In an effort to ramp up school spirit, students at Saint Viator High School are being encouraged to sing the school’s fight song at every pep rally, student assembly and before every athletic event.
With a new drum line driving the beat, the song — thought to date back to the start of the school — took on renewed energy and did indeed invigorate the entire school community.
Turns out there is more to this story than meets the eye. The school’s new band director, Vince Genualdi, undertook some research to find out more about the composer and lyricist. With the help of Viatorian Archivist Joan Sweeney, he learned that the creation of the song dates back 90 years, long before Saint Viator High School opened.
The so-called “Loyalty Song” goes back to St. Viator College in Bourbonnais, which the Viatorians ran from 1868 to 1938. A pair of students, James Dalrymple and John Ryan responded in 1925 to a contest offered by the college to come up with a “good lively college song.” Their classmate, Leslie Roch arranged the music.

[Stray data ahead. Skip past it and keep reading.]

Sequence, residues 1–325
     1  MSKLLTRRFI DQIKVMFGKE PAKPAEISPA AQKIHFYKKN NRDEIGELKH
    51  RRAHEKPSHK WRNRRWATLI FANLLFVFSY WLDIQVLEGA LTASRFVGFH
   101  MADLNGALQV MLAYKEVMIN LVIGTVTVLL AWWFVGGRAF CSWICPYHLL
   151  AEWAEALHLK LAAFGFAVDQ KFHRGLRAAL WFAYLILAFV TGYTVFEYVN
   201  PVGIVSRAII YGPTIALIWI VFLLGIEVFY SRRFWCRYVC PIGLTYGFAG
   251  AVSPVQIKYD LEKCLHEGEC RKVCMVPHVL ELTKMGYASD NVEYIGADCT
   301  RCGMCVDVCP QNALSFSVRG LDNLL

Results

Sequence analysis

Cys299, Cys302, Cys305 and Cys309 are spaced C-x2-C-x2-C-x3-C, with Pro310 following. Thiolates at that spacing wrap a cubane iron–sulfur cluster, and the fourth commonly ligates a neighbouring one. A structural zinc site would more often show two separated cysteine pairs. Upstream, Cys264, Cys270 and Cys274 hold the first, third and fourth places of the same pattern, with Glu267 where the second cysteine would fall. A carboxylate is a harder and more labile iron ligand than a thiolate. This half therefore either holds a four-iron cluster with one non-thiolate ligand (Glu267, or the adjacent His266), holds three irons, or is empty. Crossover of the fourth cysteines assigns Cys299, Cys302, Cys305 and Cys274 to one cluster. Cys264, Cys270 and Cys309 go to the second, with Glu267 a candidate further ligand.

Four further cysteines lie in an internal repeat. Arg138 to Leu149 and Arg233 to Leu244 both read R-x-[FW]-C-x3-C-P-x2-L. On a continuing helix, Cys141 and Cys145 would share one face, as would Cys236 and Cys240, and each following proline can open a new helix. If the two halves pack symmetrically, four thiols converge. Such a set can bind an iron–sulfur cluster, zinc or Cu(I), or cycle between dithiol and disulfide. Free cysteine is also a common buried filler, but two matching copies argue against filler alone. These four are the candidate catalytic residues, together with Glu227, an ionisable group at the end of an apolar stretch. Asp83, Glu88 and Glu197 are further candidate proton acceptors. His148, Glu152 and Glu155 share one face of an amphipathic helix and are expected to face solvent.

It took until 1929 before the song was copyrighted, but a piano verson, complete with lyrics, was published that year.
That same Loyalty Song, written during the Roaring ’20s, and published before the start of the Great Depression, is the one that Viatorians brought to their new school, Saint Viator High School, when it opened more than 30 years later, in 1961.
The lyrics and melody are the same, and now provide the kind of tradition that St. Viator College administrators hoped for, back in the 1920s, when they offered a prize to students who would create a “traditional school song.” Here are the original lyrics:
Ye fighting men of Viator,
With banner of gold and purple hue,
Strive, strive with might and main,
Loyal hearts beat for you.
Rah! Rah! Rah!
Bold, defiant conquerors,
Fight, fight, fight for victory,
The cheers ring out one mighty shout,
For Viator’s varsity.
Rah! Rah! Rah!